Ben Stokes expects a healthy dose of white line fever to keep tensions high during the Ashes, guaranteeing “some sort of theatre” between England and Australia.
Australia have worked hard at cleaning up their image after the nadir of last year’s sandpaper scandal, with an overt emphasis on team culture and on-field behaviour.
Their overhaul is more about ethos than personnel though, with all the three of the individuals involved in the ball-tampering conspiracy – Steve Smith, David Warner and Cameron Bancroft – in line to return to the Test side for the first time since events in Cape Town.
Stokes, who shared the Rajasthan Royals dressing room with Smith during this year’s Indian Premier League, has noted their change in approach but would not be surprised to see things flare up in the heat of battle.
“It is weird Aussies trying to be nice to you,” he said with a smile after rain forced England to train indoors at Edgbaston.
“But I think once you get out in the middle and cross the white line the real competitive side of both teams will come out. The Ashes are the biggest Test series played in the world. There is always something that happens between teams in Ashes series and I don’t think this will be any different.
“Both teams are desperate to win, both sets of players are desperate to perform because Ashes series are where you get looked at. It is where you are scrutinised or criticised more or if you do well you get more praise.
“Everyone knows that as well, all 22 guys know that, so I can assure you there will be some sort of theatre that goes on out there.”
Stokes has been on a redemptive path of his own over the past 12 months – though he has made it clear in the past he dislikes the notion.
In a fortnight it will be exactly the anniversary of his acquittal on a charge of affray, following a late-night brawl in Bristol that saw him axed from an Ashes tour and stripped of the vice-captaincy.
Now he has his chance to help win back the urn and do so as Joe Root’s right-hand man, having been restored to his previous position.
“What I’ve always tried to do is in the past is to take all the little pressures off Joe’s shoulders,” he said of the his role as deputy.
“He’s captain and all the pressures he has are enormous. In an Ashes series that goes up 50 per cent. There are other little things that can affect a captain mentally so anything I can do to help him.”
It has been four years since Stokes played the last of his nine Tests against Australia but he remembers well how it feels to be on the eve of a series against the old enemy.
“The night before is the worst, (needing) sleeping pills is the best way to describe it,” he said.
“You’re anxious, there’s excitement. It’s one of the greatest sporting environments you can be in, the first morning of an Ashes series. It’s hard to explain, you can only really explain it when you’re out there. It is awesome.
“You can’t feel your way into any Ashes series – you have to hit the ground running. There’s no time for easing into a spell or finding your way with the bat, you have to be switched on from ball one.”
England all-rounder Ben Stokes pulled off a remarkable catch in the deep to cap a fine day as England overpowered South Africa in their World Cup opener at The Oval on Thursday.
Stokes hit 89 and took two wickets during the hosts’ 104-run victory at The Oval but the icing on the cake was one of the greatest catches in World Cup history.
Diving back after Andile Phehlukwayo hit Adil Rashid towards him at deep midwicket, Stokes leapt and took a one-handed catch behind him with the effort labelled “the catch of the century” by former England spinner Phil Tufnell on BBC.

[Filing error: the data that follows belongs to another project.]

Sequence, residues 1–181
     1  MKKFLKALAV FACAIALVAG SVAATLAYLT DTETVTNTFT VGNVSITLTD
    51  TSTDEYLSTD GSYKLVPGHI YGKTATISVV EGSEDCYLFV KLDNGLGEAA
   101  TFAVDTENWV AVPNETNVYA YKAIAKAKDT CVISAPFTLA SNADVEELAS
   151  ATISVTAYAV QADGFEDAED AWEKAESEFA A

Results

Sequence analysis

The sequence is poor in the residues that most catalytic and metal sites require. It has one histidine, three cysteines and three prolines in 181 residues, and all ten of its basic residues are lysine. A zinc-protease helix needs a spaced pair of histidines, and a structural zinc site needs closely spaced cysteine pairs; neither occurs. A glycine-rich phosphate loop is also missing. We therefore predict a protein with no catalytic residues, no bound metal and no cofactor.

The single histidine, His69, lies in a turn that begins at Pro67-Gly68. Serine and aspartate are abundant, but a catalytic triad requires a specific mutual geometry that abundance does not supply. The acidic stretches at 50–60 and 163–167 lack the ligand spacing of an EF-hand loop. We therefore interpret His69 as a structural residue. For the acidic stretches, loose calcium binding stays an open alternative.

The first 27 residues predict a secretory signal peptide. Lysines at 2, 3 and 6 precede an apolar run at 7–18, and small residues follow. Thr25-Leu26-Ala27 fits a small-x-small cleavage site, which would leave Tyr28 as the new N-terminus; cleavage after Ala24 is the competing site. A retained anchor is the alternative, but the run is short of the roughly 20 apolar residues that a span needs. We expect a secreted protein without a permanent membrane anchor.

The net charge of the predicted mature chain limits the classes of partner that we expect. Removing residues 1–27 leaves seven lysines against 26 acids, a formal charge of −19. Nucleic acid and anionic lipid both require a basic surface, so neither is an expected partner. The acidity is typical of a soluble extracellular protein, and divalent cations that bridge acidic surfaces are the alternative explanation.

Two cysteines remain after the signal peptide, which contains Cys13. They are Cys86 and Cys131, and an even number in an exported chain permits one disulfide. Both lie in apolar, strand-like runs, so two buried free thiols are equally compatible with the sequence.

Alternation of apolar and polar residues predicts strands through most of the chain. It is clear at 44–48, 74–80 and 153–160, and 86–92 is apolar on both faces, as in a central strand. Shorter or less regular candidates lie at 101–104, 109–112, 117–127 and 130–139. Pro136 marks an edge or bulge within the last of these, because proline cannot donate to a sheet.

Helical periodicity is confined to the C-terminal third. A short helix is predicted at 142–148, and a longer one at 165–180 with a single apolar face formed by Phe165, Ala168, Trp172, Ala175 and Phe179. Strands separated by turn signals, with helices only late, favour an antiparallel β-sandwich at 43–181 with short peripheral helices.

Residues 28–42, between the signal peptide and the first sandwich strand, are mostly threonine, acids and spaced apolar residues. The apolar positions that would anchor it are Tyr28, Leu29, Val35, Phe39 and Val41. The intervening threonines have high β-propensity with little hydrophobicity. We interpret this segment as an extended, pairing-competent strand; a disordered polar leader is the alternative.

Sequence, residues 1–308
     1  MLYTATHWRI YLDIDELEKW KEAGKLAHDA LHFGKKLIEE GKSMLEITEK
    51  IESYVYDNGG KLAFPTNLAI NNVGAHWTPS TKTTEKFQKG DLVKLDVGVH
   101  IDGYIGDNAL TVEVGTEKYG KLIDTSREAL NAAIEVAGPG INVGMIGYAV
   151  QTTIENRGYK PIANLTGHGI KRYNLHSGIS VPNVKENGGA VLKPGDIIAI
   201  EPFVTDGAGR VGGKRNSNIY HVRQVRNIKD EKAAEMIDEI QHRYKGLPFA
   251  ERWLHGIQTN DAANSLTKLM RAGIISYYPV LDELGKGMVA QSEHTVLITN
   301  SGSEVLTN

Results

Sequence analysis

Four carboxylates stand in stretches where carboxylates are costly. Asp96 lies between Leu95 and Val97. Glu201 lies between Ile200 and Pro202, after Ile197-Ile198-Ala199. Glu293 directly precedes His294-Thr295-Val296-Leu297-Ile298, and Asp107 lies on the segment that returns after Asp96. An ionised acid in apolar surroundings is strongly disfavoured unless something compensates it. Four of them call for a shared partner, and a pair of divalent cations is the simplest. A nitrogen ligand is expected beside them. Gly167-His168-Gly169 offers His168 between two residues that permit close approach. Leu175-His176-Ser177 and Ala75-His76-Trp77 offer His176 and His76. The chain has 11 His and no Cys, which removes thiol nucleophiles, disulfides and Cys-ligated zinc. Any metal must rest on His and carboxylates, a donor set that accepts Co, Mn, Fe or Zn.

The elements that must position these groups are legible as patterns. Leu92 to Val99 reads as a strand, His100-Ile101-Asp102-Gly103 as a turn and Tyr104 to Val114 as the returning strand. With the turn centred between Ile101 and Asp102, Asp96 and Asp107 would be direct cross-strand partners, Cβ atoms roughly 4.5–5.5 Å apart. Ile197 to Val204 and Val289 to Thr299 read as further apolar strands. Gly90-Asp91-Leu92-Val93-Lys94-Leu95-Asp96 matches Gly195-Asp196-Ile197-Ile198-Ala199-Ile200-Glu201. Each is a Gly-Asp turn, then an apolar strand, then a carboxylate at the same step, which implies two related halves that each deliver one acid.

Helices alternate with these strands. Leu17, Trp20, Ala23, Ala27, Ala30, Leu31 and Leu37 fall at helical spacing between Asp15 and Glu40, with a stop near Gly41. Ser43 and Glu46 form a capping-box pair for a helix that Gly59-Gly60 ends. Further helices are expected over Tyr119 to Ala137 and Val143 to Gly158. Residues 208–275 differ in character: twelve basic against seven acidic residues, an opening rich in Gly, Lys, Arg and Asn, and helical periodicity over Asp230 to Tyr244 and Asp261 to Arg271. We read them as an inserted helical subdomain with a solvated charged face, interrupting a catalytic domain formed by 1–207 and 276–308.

As expected, reactions were swift and profuse. Here are the best from Twitter.
Ben Stokes has claimed his fight near a Bristol nightclub and subsequent court case could be the best thing that has happened to him.
The England and Durham all-rounder was found not guilty of affray after denying the charge in August last year following a six-day trial at Bristol Crown Court. Stokes was not selected by England as he awaited his trial and missed the 2017-18 Ashes series in Australia.
The 27-year-old, currently playing for Indian Premier League side Rajasthan Royals, said in an interview with the Daily Mirror that the incident had changed him for good.
“It must be a subconscious thing that I was that close to my career ending and being thrown away just like that, maybe that is it,” he said. “Thinking all this is going to be taken away from me.
“That might be the thing that has changed the way I do things. It sounds silly, but could Bristol have been the best thing that could have happened to me?
“Who knows, it could have been something else, but just in terms of my way of thinking.
“Nothing good happens after midnight. I still go out, but if you mean going ‘out out’? I don’t go ‘out out’ any more. I used to love going out and celebrating with the lads, but we can do that in the hotel and I don’t miss it.”
After his trial Stokes was cleared to continue his international career by the England and Wales cricket Board after pleading guilty to two charges of bringing the game into disrepute at a disciplinary hearing. He received a back-dated eight-match ban and was fined £30,000. While he awaited the police charges he missed five Tests and 11 white-ball internationals.
Stokes said he returned to action with England too soon and should not have played in the third Test against India at Trent Bridge four days after the trial.
“The trial was a tough week and then everything after it too,” he said. “I’d say it was the toughest two weeks of my life.
“Walking out at Trent Bridge was absolutely awful. All I could hear were boos. Even if there weren’t any. It was a dreadful, dreadful week. I carried that week into the game with me. I shouldn’t have played.”